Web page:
A native of Germany Heide moved to South Africa with her family at age 12. At university, she studied both psychology and art earning a Bachelor’s degree in both subjects and completed a doctorate in psychology. Despite a lifetime of professional practice, art always held a fascination for her. In South Africa she had always loved observing insects and animals and drawing them, a focused and internal reverie against the backdrop of the sociopolitical turbulence in that country.
In 1988 she moved with her family to Hawaii, practicing psychology and providing specialized foster care to some of Hawaii’s troubled children. When the last of these children moved on, her interest in art resurfaced, and she discovered the Donkey Mill Art Center which has become a source of opportunity and inspiration for her. There she participated in workshops covering a range of different art forms. Her current work mostly involves ceramic and print media.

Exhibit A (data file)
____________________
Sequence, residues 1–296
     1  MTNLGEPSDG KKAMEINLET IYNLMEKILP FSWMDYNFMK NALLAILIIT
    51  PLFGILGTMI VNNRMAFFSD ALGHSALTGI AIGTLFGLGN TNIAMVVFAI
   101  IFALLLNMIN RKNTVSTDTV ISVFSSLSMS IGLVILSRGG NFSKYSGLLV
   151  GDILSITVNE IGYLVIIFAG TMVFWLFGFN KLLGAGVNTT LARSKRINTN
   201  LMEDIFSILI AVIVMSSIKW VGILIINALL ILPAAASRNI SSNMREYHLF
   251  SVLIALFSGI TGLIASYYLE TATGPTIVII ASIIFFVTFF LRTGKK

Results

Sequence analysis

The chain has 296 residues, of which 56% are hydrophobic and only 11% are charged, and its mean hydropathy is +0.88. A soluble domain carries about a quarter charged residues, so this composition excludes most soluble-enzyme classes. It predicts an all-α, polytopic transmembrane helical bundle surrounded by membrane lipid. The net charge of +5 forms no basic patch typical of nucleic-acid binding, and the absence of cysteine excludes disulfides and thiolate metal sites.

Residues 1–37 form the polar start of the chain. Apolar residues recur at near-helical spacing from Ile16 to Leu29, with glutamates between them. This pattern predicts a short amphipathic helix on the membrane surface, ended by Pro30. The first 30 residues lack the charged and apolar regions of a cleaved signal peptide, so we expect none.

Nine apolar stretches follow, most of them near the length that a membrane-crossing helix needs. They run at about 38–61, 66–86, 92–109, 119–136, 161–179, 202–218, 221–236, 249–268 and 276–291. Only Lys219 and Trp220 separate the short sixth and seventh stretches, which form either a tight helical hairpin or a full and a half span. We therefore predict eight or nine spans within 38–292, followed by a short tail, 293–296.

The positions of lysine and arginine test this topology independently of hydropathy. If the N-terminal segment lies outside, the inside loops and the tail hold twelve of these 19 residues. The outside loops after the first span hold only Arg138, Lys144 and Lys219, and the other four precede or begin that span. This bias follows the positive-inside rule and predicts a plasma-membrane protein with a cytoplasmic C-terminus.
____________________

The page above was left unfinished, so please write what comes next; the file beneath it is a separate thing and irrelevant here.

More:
Heide’s work usually tells a story with an emphasis on social issues and survival in both the human and animal worlds. She has long been fascinated by ruggedness of this volcanic island, and the diversity and fragility of life. The centenary of the national parks has particularly brought into focus for her the vulnerability of the Hawaiian bats, and the current precariousness of the Ohia/Lehua forests.